And so, in 1988, a new father and son enterprise – Can-Man Recyclers – was born, one of the fore-runners in New Zealand for the collection and recycling of aluminium cans.

Initially operating as can collectors under the Comalco “Cash for Cans” programme, it soon became apparent to the Proctors that they could offer the public fairer prices and better service by operating as independent collectors, recyclers and exporters of aluminium cans. As the public quickly grew to trust their reliability and integrity, it was inevitable that Clark and Bert would have to resurrect their legacy, and so Drew Metals was brought back into being as the scrap metal partner to Can-Man Recyclers.

Within five years, with the help of quality staff, the small can collecting business that started out in a garage had grown into a respected and successful recycling and exporting operation with customers throughout the country and overseas. Within a few years some of the big players in the scrap market started to view the Proctor’s booming business with acquisitive eyes. In 1993, with an “if you can’t beat ’em, buy ’em” approach, Sims Pacific Metals made Clark and Bert an offer they couldn’t refuse and the business was sold. After 30 years in the scrap trade, Bert took the opportunity to retire and Clark became Sims’ key metal trader as part of the sale agreement.

After 20 months with Sims, Clark was approached by Tasman Pulp and Paper to head up their recycling division, the brief to supply paper for a 100 million dollar recycled fibre plant. Clark set up a recycling facility incorporating a dual internal rail siding, 60m weighstation, offices, machinery and stores people. Due to falling world prices, this project was mothballed after a short time and for the next two years, Clark was responsible for sourcing and organising collection of materials for Tasman.

Whilst working for Sims and latterly Tasman, from conversations had and from keeping an eye on the markets, it was evident to Clark that customer service was waning in the scrap industry. The quality of collection receptacles, vehicles and public relations offered by existing scrap traders was poor and the market appeared to be crying out for good old fashioned values and service. A lot of Clark’s old customers from the Can-Man days were continually asking Clark to purchase their metal, knowing from past experience that Clark offered both fair prices and good service.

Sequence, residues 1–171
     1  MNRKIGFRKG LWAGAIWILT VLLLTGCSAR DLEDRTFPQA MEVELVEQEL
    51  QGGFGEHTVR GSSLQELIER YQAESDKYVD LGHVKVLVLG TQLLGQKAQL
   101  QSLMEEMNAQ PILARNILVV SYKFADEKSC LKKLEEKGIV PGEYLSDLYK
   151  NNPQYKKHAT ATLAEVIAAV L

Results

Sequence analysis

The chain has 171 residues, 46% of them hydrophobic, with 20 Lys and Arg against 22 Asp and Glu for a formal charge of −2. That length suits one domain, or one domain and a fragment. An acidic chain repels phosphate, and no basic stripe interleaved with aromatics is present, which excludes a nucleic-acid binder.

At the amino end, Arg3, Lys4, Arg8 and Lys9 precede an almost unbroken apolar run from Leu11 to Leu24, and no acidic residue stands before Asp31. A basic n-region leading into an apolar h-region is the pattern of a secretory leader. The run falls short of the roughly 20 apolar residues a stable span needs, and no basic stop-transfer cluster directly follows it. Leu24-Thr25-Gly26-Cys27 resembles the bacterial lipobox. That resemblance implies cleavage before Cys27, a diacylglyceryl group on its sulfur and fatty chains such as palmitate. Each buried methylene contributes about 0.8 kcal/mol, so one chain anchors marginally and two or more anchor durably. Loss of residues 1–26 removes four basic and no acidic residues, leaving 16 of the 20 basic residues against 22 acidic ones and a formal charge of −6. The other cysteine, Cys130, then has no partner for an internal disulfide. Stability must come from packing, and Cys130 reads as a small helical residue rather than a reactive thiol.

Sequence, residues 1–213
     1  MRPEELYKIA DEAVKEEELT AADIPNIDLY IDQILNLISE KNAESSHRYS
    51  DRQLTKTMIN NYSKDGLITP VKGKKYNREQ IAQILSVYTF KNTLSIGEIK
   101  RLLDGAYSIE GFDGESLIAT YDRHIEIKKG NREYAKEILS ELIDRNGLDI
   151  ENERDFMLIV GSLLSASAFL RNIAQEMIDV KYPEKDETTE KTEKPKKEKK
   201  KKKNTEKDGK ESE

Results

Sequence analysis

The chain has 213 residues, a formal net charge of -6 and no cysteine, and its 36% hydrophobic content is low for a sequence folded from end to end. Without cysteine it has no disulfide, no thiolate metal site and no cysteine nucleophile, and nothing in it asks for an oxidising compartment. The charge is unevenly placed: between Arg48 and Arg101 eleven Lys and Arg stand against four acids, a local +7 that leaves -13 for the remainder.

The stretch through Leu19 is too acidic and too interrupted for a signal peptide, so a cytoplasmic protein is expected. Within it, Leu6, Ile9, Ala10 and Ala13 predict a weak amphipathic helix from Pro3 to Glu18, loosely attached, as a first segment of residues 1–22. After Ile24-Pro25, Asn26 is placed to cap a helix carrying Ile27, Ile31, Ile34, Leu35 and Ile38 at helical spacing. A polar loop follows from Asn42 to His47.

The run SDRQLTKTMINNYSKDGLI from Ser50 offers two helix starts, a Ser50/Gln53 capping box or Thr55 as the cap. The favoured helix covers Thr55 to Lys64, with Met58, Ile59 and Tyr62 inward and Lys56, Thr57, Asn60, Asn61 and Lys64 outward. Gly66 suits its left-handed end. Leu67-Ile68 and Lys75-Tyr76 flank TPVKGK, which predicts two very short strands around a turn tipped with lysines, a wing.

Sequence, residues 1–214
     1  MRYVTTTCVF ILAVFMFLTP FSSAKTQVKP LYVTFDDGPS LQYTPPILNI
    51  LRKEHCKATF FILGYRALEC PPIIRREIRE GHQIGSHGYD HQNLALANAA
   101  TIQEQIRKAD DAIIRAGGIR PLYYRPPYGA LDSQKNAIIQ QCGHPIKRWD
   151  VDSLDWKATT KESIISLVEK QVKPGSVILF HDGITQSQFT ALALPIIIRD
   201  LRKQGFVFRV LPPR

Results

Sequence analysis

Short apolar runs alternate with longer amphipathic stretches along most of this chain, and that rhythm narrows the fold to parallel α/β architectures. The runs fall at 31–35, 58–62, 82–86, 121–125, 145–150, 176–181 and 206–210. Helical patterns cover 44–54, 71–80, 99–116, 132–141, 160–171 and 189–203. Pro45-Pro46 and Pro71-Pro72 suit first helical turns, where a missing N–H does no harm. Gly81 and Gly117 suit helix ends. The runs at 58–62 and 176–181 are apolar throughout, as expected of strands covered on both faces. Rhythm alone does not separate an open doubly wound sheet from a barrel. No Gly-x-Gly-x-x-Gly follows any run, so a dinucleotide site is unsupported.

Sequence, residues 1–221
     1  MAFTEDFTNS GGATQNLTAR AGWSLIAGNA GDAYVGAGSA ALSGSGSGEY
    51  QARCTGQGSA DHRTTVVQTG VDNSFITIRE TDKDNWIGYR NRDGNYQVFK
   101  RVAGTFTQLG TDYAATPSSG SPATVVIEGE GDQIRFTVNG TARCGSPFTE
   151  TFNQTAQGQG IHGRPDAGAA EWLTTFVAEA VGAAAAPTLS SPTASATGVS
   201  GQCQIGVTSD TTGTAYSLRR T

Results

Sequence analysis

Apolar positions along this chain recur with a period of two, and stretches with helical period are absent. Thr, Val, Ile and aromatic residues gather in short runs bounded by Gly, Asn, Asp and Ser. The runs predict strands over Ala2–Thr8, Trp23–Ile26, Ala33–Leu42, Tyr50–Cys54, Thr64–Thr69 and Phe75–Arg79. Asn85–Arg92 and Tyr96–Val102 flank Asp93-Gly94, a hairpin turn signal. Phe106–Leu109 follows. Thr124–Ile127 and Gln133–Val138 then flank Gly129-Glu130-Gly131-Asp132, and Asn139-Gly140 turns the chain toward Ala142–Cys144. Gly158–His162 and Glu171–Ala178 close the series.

Accommodating one customer soon became several, and before long the word spread through the grape vine that Clark was back in business. It would seem that Clark had no choice – whether he liked it or not, the scrap trade wanted him back.

 

1960’s

In 1964, having established a successful company with a solid foundation spanning 20 years, Grandpa Proctor decided it was time to solidify the company as a family business and so Bob’s son, Bert Proctor, joined the company, which continued to flourish.

Father and son proved to be a strong business combination, and their honest and fair reputation won them many large contracts, such as salvaging the Wahine, demolishing the Palmerston North and Miramar Gas Works, and scrapping the original 1902 Blenheim Fire King and Queen fire-fighting engines.
 

1970’s

In 1974 Robert Proctor passed away, leaving his legacy to his son Bert. In the early 80’s Bert moved up to Auckland. Wanting a clean break from the world of scrap, Bert moved into the engineering arena for the next six years.

 

1940’s

Metalman’s history spans four generations, encompassing over 100 years combined experience in the scrap metal trade.

Entrepreneurial Wellingtonian Bob Proctor started trading in 1945 as Proctor’s Reclaim. The war years were ending and Bob Proctor recognised the opportunities offered during this time of revitalisation. Salvaging surplus army stocks was a vital part of his start up phase.